A widely-apprehended post-Covid-19 job crisis at home, to be accompanied by moratorium on hiring foreign workers in many countries, may lead to rise in human trafficking from Bangladesh, according to migration experts.
More than 100,000 Bangladeshi expatriates have already returned home since the outbreak of coronavirus and, stakeholders say, over 1.0 million more may lose jobs in a number of destinations.
Even if the coronavirus is prevented soon, it is almost certain that job scopes in the Middle East, the largest destination for Bangladeshi workers, will shrink. Malaysia has decided not to recruit migrant workers this year and many other countries are going to follow suit, stakeholders say.
So, they apprehend, traffickers may allure jobless youths and returnee migrants to take adventurous journey to reach attractive destinations like Europe.
"The number of jobless youths may increase in the coming days as the economic activities have already been hampered," said Shakirul Islam, chairman of Ovibashi Karmi Unnayan Programme (OKUP).
The intending migrants will not be able to go abroad when the host countries are not in a position to receive them soon amid the pandemic, he added.
"So, traffickers may use this situation with promises of jobs in uncommon destinations."
Human trafficking rackets are active to exploit the migrant workers.
Recently, 26 Bangladeshi trafficking victims were shot dead by a gang in Libya. The foreign office in Dhaka said the workers were assured that they would be employed in Italy.
Some Bangladeshis were among 2.0 million people who crossed the Mediterranean since April 2014. More than 19,000 of them died in accidents, according to the United Nations High Commissioner for Refugees (UNHCR).
Since January, at least 693 Bangladeshis have been arrested for trying to travel to Europe illegally, says a BRAC study.
A corona-induced shutdown has badly impacted income of 95 per cent households in the country, according to a World Vision Bangladesh study.
Many low-paid workers and employees are returning to village home losing opportunities in urban areas such as Dhaka.
More than 2.0 million youths enter the job market each year, but less than one-fifth of them can manage jobs at home while some 600,000-700,000 are absorbed abroad, the official data suggest.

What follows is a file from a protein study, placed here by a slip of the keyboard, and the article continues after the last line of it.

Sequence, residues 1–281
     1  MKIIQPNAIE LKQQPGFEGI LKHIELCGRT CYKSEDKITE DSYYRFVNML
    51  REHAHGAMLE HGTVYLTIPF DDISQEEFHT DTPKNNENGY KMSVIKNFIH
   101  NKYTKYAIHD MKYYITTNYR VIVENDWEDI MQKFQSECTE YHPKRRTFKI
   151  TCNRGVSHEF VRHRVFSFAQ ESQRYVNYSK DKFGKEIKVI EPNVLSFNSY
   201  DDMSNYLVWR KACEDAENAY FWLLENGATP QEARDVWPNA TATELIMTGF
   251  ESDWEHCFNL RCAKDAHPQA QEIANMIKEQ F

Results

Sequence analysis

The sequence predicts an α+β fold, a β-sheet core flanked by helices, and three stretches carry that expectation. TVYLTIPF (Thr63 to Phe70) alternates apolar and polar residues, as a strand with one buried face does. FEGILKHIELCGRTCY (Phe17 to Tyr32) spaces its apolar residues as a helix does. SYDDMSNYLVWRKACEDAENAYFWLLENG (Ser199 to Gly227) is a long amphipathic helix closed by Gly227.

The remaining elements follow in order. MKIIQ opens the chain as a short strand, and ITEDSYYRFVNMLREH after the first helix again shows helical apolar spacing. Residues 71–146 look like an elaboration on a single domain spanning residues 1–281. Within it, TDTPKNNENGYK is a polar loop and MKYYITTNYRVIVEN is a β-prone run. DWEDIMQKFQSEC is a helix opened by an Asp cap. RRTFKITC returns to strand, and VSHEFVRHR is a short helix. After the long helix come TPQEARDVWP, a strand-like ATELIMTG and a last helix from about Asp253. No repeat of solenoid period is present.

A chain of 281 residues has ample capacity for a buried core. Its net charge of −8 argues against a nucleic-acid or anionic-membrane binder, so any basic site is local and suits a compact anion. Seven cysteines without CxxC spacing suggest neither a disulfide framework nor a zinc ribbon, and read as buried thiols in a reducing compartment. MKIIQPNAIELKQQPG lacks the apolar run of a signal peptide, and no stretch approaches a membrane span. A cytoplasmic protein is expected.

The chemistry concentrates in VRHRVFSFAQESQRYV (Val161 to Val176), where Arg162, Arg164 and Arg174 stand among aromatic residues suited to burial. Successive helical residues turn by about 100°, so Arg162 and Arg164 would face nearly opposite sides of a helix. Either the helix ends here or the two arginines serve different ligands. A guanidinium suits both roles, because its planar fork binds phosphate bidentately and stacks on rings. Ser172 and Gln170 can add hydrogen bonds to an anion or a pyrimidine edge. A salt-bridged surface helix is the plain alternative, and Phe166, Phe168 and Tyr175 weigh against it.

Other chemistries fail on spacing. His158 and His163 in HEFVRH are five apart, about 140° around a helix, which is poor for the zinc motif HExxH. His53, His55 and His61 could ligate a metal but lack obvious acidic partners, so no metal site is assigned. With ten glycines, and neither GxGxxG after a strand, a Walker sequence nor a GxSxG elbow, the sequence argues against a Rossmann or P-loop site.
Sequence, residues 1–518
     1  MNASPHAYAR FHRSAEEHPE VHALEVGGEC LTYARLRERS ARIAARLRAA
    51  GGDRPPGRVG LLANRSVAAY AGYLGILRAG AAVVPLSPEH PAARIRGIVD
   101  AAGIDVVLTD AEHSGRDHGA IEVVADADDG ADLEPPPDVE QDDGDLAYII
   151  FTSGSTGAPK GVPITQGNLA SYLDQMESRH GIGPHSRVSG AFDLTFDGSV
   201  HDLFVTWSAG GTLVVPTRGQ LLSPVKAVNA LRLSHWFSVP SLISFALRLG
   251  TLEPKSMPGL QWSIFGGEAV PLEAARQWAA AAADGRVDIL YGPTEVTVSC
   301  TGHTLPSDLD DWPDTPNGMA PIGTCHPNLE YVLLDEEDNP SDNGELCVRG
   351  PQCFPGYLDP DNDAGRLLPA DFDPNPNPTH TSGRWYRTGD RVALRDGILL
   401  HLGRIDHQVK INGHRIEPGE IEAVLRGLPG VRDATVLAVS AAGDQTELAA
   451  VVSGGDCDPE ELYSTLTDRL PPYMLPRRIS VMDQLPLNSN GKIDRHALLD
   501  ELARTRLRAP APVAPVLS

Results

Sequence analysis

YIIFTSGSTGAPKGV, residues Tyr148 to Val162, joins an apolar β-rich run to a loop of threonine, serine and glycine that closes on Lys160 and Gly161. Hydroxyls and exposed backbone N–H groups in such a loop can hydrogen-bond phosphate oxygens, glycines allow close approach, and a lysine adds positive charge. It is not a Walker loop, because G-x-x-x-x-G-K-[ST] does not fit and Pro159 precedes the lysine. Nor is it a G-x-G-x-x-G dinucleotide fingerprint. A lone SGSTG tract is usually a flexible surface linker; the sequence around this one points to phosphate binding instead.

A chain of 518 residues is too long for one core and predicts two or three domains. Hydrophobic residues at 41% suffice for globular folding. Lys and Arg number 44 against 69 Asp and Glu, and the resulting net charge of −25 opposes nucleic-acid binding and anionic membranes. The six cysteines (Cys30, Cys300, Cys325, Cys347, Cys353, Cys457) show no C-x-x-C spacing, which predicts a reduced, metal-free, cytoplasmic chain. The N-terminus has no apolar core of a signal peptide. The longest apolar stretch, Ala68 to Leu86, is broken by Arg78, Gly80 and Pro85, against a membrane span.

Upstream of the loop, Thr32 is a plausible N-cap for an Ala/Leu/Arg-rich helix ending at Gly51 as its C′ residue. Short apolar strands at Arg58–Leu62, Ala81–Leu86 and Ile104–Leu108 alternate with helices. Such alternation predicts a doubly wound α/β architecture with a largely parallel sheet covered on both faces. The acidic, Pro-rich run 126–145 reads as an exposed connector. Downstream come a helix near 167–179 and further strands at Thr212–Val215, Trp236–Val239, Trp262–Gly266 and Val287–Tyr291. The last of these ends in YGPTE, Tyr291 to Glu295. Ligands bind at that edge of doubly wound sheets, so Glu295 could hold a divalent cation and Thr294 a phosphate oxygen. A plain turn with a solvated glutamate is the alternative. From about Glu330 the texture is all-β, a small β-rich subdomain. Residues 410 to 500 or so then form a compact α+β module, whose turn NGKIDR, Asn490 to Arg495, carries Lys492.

Unless the authorities draw up new plans and offer support to vulnerable workers, migration experts warn, some of these desperate youths may fall prey to human traffickers who would promise them good jobs. Some expatriates, stranded in different countries, may embrace risky path.
Over 80 per cent Bangladeshi workers in Libya were forced to migrate to Italy due to job crisis in the civil war-torn country, according to a 2018 OKUP study.
Sadly, it found, almost 80 per cent of the migrants knew that they might die in the sea. Surprisingly, 90.2 per cent of the surveyed families were also aware of the risks associated with the journey.
There are several syndicates of traffickers including brokers who target low-income people in rural Bangladesh. Investigations show that sometimes they contact people at home to send them directly to destinations and in other cases, traffickers target Bangladeshi workers staying abroad.
According to migration experts, traffickers use three routes to send migrants to Europe. The routes are Bangladesh-Turkey-Libya-Europe; Bangladesh-India/Sri Lanka-Libya-Europe and Bangladesh-UAE-Jordan-Libya-Europe.
Of late, a new route has been added - from Algeria as a transit to send Bangladeshis to Spain via Morocco.
At least 56 workers were reportedly taken to Algeria last year.
Stakeholders suspect the traffickers may change routes following the pandemic since almost every country remains cautious. Terrain that comparatively unprotected may be used for trafficking.
Mansur Ali (not real name) who hails from Madaripur district said after spending three years at a Dubai construction firm, he got an offer from a colleague to go to Europe.
He was introduced to a person and they made a deal worth US$2,000.
"I dreamt of a new life in Europe. I went to Oman by road and reached Iran by speedboat," he told the FE, adding, "The agent forced me to pay US$6,000 upon arrival in Iran. When I was sent to Turkey, I was locked for five months until my family managed to pay US$10,000."
Mansur Ali was sent to Greece but police caught and sent him to jail. "I was sentenced to two years of imprisonment in a false case of rioting inside the jail. Once freed, I made a deal with a person to enter Italy," he said.
Mansur Ali recalled he walked nine nights through train lines to reach a local agent's house in Macedonia before entering Serbia. "The agent tried 10 times before I succeeded in arriving in Hungary. As luck betrayed with me, the Hungarian police detained and put me in a camp," he added.